The anterior third of the gastrointestinal track was opened and its contents
were removed and weighed using a digital analytical balance and recorded
to the nearest 0.001 g. Weight of gut contents for specimens with empty guts
was recorded as “0.” One-way analysis of variance was performed on weight
of gut contents/EW to test differences in feeding among different months.
Variety of gut contents was the total number of different food items in each
specimen. Regressions by least sum of squares were performed for EW and
Figure 2. Frequency distribution of standard length (SL) in categories of 3 mm increments
for Notropis xaenocephalus collected in August and December 2004 and
March 2005 from Moore Creek.
452 Southeastern Naturalist Vol.7, No. 3
weight of gut contents as well as for EW and variety of gut contents to test
infl uence of size on feeding. Food items were counted and identified to the
lowest taxonomic category possible following Thorp and Covich (1991) and
Merritt and Cummins (1996). Due to mastication by pharyngeal teeth, most
food items were not identifiable below the level of family, order, or class.
Gonadosomatic index (GSI) was calculated by dividing GW by EW.
One-way analysis of variance was performed to test mean differences in GSI
among months. In gravid females, greatly enlarged (≈1 mm in diameter),
fully yolked, mature oocytes were counted, and five representative oocytes
were measured to provide an approximation of ova size and number (see
Heins and Baker 1988). Smaller oocytes (<0.5 mm in diameter) were not
counted or measured. Regression of SL as a predictor of number of mature
oocytes was performed to test the infl uence of size on fecundity.
The largest specimen collected was a female 63.8 mm SL and 4.4 g TW
taken in March. The smallest specimen collected was a female 25.1 mm SL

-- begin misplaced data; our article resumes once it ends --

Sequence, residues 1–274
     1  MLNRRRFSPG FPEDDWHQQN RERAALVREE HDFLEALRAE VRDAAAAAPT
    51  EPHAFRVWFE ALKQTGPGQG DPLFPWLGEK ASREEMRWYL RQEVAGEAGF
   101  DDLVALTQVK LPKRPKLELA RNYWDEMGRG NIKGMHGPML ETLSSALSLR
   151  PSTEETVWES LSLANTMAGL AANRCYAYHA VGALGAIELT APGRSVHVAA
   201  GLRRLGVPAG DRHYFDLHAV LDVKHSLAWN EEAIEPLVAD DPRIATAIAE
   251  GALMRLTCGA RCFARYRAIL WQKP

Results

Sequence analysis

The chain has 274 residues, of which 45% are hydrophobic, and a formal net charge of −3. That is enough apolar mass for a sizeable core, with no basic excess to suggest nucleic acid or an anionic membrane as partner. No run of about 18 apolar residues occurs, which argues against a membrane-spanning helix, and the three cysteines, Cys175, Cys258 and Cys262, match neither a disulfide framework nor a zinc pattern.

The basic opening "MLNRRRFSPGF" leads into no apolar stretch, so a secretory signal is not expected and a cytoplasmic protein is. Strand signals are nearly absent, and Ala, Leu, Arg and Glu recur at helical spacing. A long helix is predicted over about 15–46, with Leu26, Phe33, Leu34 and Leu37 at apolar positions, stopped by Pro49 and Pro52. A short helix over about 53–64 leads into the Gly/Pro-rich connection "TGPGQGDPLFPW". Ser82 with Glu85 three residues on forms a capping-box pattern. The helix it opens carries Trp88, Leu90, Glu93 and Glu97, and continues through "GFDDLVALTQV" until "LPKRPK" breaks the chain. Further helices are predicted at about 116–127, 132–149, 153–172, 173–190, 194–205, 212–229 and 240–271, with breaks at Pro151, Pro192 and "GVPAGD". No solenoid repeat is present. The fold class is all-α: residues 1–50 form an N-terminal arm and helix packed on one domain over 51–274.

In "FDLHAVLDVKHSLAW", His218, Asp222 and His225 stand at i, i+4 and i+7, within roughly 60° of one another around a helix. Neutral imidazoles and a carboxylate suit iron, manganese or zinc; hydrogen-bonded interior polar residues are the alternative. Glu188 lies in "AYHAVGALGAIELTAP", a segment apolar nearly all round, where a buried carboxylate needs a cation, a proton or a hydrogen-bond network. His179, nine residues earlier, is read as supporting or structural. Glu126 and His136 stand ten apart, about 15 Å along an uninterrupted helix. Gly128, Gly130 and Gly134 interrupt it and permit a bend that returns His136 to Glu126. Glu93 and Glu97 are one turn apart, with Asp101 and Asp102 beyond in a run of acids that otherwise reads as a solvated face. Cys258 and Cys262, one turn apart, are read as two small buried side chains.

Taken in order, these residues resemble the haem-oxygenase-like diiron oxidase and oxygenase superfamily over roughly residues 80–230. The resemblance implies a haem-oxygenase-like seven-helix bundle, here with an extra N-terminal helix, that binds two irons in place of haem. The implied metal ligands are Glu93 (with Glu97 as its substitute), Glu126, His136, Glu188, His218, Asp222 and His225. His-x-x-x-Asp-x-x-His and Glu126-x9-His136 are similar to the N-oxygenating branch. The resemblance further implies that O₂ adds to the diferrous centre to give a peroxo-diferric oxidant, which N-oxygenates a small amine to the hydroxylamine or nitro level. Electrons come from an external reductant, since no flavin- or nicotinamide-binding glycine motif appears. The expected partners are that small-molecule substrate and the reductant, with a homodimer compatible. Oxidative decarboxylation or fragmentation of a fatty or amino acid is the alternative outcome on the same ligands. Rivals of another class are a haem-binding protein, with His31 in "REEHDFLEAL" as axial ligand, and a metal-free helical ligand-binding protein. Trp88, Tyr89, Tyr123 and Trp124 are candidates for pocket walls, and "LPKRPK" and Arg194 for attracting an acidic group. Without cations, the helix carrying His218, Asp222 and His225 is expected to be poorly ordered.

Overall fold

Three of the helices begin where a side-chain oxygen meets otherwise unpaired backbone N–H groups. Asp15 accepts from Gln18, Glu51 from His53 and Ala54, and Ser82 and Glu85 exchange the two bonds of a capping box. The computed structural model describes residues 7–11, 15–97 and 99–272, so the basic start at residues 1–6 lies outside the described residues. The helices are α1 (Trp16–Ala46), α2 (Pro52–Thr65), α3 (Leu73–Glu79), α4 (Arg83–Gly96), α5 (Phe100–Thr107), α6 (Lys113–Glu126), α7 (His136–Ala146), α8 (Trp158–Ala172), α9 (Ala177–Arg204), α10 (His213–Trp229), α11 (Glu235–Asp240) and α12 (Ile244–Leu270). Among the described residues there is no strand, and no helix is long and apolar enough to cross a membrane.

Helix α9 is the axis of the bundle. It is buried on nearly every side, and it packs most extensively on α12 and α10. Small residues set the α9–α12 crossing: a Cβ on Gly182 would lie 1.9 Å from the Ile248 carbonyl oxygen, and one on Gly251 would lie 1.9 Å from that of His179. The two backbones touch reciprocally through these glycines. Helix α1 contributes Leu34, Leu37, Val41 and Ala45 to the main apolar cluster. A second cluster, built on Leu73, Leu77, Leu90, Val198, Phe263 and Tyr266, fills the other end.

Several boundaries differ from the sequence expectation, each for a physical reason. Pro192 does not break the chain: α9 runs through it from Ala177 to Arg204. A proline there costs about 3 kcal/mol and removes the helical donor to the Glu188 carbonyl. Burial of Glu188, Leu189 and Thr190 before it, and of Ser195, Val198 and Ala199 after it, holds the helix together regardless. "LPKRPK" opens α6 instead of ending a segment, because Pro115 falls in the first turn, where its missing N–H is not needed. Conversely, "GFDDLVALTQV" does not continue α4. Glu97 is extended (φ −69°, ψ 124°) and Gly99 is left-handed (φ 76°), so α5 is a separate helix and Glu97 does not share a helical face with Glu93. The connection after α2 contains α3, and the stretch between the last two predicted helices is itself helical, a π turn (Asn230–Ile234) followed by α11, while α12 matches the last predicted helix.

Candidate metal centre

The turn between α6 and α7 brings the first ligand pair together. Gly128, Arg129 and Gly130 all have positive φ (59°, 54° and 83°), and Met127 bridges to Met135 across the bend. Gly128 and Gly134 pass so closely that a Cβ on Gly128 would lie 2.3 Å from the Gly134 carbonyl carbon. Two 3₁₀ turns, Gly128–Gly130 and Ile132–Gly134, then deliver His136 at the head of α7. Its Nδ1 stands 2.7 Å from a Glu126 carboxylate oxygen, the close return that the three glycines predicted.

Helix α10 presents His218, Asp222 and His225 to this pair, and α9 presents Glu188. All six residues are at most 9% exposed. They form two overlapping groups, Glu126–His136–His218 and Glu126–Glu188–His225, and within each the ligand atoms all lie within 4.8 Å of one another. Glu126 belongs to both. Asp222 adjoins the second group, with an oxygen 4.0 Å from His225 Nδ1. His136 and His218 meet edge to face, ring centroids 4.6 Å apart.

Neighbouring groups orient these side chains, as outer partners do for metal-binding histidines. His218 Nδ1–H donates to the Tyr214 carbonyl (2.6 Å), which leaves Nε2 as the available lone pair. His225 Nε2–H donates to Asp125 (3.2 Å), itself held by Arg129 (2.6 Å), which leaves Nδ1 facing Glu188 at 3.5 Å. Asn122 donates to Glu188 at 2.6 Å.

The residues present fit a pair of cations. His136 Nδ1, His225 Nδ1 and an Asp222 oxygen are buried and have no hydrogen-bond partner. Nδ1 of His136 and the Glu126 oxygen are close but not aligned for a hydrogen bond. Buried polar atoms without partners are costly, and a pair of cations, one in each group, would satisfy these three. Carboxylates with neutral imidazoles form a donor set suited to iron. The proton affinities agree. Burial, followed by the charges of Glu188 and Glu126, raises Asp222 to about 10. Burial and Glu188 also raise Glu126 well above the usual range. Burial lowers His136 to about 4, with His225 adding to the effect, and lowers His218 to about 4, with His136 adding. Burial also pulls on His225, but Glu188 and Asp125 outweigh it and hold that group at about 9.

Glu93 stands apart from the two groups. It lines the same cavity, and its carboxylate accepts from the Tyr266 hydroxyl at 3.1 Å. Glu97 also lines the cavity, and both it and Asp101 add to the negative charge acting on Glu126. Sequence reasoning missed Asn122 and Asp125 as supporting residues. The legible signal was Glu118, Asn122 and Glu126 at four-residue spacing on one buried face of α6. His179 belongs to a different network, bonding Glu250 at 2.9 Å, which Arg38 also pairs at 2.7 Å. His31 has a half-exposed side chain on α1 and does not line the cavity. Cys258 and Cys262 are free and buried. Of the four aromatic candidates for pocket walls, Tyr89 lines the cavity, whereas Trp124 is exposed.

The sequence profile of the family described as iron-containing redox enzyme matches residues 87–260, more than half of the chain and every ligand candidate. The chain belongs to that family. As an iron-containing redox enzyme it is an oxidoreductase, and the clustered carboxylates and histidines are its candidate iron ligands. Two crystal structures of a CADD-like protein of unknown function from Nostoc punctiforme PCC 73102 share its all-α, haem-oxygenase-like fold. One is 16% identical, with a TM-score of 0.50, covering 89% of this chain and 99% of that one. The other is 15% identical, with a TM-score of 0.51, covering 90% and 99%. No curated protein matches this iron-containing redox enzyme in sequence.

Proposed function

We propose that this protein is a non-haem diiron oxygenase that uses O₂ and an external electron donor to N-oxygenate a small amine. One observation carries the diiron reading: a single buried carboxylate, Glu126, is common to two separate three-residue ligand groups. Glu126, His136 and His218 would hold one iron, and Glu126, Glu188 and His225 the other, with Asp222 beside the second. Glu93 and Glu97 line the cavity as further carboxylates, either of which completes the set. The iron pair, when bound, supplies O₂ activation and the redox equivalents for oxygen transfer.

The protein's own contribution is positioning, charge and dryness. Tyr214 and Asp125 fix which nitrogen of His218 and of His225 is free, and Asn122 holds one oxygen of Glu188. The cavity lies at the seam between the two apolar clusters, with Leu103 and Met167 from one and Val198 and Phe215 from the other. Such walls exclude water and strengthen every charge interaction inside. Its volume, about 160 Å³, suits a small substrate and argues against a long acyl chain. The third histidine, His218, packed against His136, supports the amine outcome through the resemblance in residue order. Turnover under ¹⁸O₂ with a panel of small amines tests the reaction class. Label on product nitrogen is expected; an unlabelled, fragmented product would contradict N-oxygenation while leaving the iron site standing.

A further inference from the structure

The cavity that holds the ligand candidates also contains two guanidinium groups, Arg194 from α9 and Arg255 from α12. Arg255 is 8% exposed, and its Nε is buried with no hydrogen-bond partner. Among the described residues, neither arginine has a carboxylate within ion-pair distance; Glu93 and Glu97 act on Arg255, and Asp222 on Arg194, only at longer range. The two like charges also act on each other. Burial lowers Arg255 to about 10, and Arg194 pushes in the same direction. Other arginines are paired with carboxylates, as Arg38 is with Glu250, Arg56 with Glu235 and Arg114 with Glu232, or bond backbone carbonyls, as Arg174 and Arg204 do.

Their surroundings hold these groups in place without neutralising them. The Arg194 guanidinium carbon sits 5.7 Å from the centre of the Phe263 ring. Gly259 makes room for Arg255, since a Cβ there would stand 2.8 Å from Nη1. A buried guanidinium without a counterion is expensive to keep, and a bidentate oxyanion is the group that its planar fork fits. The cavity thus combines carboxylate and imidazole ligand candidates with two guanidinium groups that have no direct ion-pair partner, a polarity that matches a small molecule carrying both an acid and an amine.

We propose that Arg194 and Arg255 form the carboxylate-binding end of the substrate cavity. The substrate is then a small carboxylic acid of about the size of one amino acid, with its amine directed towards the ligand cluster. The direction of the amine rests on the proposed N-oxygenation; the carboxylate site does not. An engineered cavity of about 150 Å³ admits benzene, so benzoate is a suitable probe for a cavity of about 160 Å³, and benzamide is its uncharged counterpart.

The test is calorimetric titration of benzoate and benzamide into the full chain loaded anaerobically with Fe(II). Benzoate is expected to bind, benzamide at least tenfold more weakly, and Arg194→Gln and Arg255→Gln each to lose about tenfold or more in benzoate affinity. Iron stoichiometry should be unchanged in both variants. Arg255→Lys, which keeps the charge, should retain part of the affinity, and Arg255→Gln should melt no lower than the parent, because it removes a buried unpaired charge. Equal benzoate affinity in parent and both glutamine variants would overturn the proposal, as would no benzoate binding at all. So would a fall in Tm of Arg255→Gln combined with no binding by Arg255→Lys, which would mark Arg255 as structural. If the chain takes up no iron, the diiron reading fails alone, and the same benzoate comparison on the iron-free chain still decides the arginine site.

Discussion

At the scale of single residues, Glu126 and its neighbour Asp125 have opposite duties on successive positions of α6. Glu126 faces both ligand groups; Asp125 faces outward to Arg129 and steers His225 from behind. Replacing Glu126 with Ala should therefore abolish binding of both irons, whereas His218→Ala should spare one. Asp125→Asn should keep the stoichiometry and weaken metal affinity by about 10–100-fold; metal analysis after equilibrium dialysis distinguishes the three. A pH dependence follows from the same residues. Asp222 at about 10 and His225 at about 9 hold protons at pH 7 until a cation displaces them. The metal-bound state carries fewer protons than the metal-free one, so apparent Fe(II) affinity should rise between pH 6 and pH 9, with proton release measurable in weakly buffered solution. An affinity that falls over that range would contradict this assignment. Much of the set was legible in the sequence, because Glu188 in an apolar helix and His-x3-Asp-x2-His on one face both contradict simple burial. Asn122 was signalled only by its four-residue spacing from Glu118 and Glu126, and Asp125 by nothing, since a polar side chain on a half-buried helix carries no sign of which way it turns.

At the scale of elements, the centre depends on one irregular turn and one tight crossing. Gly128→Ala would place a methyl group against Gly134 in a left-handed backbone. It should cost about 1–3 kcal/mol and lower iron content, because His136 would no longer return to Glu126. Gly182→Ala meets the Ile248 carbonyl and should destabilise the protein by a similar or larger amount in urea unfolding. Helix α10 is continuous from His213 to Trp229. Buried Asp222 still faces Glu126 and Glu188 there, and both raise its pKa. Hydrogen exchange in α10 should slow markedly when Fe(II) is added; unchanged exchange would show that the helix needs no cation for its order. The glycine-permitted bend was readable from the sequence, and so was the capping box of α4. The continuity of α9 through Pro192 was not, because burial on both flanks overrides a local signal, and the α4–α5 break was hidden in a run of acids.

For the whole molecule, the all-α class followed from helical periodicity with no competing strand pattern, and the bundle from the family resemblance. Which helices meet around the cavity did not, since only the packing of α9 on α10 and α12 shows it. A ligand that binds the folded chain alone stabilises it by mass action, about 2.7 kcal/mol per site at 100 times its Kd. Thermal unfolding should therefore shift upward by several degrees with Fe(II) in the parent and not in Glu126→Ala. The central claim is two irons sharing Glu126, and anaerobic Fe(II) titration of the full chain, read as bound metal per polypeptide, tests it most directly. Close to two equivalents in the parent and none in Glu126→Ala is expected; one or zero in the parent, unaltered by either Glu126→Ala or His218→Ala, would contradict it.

and 0.26 g TW taken in September. The September collection also provided
the earliest capture of young-of-the-year specimens ranging from 25.1–33.5
mm SL (mean = 30.5, SD = 2.98). For all collections, females were outnumbered
by males 0.85:1. Sexual size dimorphism was detected, with
mean SL for females and males 47.7 (SD = 7.18) and 44.4 (SD = 6.55) mm,
respectively (P < 0.001). Due to this sexual size dimorphism, the following
results are presented for females and males, respectively, unless otherwise
noted. Standard length increased with age in months (R2 = 80.6%, P < 0.001;
R2 = 71.8%, P < 0.001). Visual inspection of the data suggested a curvilinear
relationship between SL and EW, so we log transformed EW before regressing
it with SL (R2 = 96.8%, P < 0.001; R2 = 96.1%, P < 0.001). Mean SL and
EW by month are presented for each sex in Figures 3 and 4. Growth rates
appear to increase in spring as indicated by length and weight increases
in specimens approximately 1, 2, and 3 years of age (Figs. 3 and 4). Of the
305 specimens collected, 23.9% were age 0+, 62.6% were age 1+, 12.5%
were age 2+, and 1% were age 3+. Median age in months was different
among sexes (P = 0.001) with the median age for males being 14 months